Creator Spotlight: Thomas Deer – Teyowisonte

Today we touch base with Thomas Deer – Teyowisonte, who found his way into the comic industry by entering a creative fan contest. Thomas’ work is most familiar to the fans of G.I. Joe and Transformers comic books. Thomas has worked with other First Nations creators for The Healthy Aboriginal Network to produce comics which target health and social issues within First Nations communities.


What part of a Canada are you from/where do you live now?

I’m from the Kahnawake Mohawk Territory, just outside of Montreal, Quebec.

Were you a comics fan growing up?

Yes, I’ve always been into comics to one degree or another.  As a small child, I recall my dad buying me many of Marvel’s Star Wars series, which was my first exposure to comics.  When I was old enough to buy comic son my own, I collected Larry Hama’s run on G.I. Joe religiously.  When I was 12, I discovered Mike Zeck’s Punisher, which had a profound affect on my decision to pursue a career as an illustrator.  At around the age of 19, Todd McFarlane’s Spawn further tightened my scope to focus on comic book art.

Who are some of your creative influences?

In the comic book industry, I’ve been inspired by the likes of Mike Zeck, Jim Lee, Greg Capullo, Todd McFarlane, Dave Gibbons, Sam Kieth, Dave Stewart, Pat Lee, Joe Ng, Brian Wood, Alex Raymond.

I’m also influenced by conceptual artists like Ryan Church, Feng Zhu, Mark, Goerner, Sparth, Ian McCaig, Scott Roberston, and Syd Mead.

Can you tell us a bit about your career as a comic book artist?
What was your first job in comics?  What job did you really enjoy or what job are you really proud of?

My break into comics is an interesting story.  In early 2004 Dreamwave Productions, the Canadian comic book company that held the Transformers license at that time, launched an online contest to redesign a specific character.  I entered the contest.  A month or two later, I was elated to discover Dreamwave’s number on my phone.  I was informed that I had won 2nd place in the contest and that I was invited to come to their Toronto-based studio to meet with Pat Lee, renowned artist and proprietor of Dreamwave.  I was also asked to bring my portfolio.  After my meeting with Pat Lee, I began training as a colorist for Dreamwave, and later as a penciler.  Unfortunately, Dreamwave declared bankruptcy later that year and my training ended before I had any work that was published.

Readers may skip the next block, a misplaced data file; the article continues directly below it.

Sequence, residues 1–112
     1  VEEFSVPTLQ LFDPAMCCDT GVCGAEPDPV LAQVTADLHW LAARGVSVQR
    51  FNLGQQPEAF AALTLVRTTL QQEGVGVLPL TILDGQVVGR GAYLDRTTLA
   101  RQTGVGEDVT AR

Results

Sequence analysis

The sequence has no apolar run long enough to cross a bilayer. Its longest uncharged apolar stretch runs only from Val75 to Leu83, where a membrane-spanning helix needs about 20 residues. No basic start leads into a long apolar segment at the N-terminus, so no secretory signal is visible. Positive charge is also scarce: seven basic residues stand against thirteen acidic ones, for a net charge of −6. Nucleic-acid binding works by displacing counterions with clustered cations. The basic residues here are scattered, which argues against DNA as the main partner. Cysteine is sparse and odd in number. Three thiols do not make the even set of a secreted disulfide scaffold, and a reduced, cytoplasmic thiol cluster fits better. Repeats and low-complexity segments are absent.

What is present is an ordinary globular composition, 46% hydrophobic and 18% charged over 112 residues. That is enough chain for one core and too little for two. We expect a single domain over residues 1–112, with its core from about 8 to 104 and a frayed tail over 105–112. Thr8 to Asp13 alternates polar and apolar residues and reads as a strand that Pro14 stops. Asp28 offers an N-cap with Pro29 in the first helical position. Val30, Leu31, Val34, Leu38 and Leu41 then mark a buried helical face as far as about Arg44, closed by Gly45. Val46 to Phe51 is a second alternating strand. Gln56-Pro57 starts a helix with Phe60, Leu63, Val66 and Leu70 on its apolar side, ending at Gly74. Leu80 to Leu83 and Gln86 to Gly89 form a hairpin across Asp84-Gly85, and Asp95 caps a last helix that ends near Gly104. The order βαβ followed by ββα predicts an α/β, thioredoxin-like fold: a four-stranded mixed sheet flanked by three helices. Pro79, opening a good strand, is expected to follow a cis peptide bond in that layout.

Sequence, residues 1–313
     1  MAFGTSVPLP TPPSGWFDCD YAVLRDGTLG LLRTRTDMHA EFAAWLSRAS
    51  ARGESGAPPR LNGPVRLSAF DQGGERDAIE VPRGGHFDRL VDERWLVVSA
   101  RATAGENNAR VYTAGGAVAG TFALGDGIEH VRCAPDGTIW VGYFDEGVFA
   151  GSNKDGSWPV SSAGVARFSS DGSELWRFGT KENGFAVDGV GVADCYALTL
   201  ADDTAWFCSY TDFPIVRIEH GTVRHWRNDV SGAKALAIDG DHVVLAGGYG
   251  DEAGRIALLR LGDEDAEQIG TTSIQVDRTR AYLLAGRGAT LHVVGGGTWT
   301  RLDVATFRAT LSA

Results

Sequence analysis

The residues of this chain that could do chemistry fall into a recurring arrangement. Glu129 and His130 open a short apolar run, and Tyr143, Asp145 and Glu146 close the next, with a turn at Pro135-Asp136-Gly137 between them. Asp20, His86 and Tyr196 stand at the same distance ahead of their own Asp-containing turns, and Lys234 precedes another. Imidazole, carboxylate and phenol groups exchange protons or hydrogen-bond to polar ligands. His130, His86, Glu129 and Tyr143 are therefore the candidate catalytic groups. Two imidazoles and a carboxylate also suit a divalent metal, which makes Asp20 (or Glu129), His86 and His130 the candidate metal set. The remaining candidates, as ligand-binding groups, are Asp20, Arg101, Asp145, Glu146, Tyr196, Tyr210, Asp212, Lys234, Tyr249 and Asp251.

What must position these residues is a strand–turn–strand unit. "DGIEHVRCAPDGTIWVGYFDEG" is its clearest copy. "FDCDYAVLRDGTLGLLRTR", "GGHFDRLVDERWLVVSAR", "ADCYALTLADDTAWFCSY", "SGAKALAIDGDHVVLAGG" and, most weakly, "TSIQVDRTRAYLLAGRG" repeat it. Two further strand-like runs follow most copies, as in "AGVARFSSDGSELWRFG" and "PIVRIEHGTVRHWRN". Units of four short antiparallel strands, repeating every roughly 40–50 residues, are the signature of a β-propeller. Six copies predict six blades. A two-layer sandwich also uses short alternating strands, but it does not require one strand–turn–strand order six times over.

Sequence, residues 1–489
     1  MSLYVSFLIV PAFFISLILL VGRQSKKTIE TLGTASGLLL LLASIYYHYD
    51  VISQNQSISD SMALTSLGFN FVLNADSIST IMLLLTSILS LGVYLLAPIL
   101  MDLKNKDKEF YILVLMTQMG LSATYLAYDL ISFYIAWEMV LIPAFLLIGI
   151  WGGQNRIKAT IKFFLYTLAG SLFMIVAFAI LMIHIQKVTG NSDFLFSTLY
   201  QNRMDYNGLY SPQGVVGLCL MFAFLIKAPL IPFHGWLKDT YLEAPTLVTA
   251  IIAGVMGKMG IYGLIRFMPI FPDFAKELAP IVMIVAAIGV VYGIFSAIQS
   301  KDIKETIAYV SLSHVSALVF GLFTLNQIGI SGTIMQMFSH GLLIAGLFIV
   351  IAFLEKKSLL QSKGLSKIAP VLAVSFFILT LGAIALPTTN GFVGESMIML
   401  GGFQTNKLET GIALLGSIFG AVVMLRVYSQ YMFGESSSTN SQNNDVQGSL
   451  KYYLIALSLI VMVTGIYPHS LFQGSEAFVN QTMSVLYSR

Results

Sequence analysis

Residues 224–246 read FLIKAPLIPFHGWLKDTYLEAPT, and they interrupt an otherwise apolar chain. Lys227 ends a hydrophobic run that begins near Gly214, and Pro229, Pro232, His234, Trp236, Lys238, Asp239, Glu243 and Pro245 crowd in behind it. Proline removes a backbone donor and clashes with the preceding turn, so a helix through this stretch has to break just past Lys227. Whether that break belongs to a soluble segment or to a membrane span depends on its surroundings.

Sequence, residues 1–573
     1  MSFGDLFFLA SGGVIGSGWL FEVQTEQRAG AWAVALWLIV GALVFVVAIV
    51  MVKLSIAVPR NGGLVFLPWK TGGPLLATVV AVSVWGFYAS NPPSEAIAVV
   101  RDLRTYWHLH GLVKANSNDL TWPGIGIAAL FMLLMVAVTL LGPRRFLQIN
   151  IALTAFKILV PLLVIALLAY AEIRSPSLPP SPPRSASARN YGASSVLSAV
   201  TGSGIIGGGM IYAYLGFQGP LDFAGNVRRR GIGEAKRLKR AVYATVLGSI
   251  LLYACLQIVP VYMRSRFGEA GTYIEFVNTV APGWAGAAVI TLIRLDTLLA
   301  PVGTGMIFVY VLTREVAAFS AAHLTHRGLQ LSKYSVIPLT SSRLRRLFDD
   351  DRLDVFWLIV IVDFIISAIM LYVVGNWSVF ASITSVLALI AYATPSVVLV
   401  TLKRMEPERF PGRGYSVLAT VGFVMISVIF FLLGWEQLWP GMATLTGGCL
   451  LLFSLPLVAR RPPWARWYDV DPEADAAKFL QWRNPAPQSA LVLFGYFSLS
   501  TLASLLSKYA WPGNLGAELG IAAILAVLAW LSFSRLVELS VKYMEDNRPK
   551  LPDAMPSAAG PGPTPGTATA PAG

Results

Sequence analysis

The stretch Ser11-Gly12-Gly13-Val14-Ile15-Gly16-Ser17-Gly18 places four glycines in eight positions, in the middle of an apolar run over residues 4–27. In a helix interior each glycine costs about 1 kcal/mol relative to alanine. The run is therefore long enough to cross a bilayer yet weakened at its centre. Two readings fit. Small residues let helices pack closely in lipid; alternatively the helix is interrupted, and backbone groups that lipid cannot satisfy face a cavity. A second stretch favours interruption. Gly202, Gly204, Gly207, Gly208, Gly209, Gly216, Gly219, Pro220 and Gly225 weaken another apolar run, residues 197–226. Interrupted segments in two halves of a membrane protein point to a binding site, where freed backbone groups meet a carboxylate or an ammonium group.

About year later, I was informed that one of my Transformers illustrations appeared on VH1’s I Love Toys series.  Concerned about how VH1 acquired the illustration, I started retracing my steps.  I had recalled sending that particular illustration to a company called Fun Publications as a part of my portfolio submission.  After contacting Fun Publications to see if they had released that particular illustration to VH1, I was told that they hadn’t, but they did recognize my illustration on VH1 as well.  At that time, they told me that they might have some work for me soon.  A couple of months later, they actually contacted me with some coloring work.  Ironically, I was headed to San Diego for Comic Con that week.  Unwilling to sacrifice this opportunity, I packed up my laptop and headed down to San Diego and began work on my first coloring assignment.  Since that point, I’ve had consist work in the industry as both a colorist and illustrator.


Can you tell us specifically about the comics work you had published in 2008?

I worked on four comics that were released in 2008.  The first to be released was a anti-diabetes comic entitled An Invited Threat for the Healthy Aboriginal Network, where I worked as a colorist.  The second to be released was Transformers: Timelines (Fun Publications), where I had worked as both a cover artist and colorist.  The third was a promotional comic for Mega Bloks’ NeoShifters toy series, where I worked as a colorist and conceptual artist.  The fourth comic that was released this year was G.I. Joe: Rise of the Headhunters (Fun Publications), again working as a colorist.  Aside from those titles, I’ve also illustrated character profiles for Hasbro’s official Transformers Collector’s Club magazine.


What are you currently working on?

I’m currently finishing up the colors on a G.I. Joe comic for Fun Publications.  I’m also developing a couple of personal projects I hope to self-publish one day.

Do you have a website/blog that people can read?

I have an online portfolio at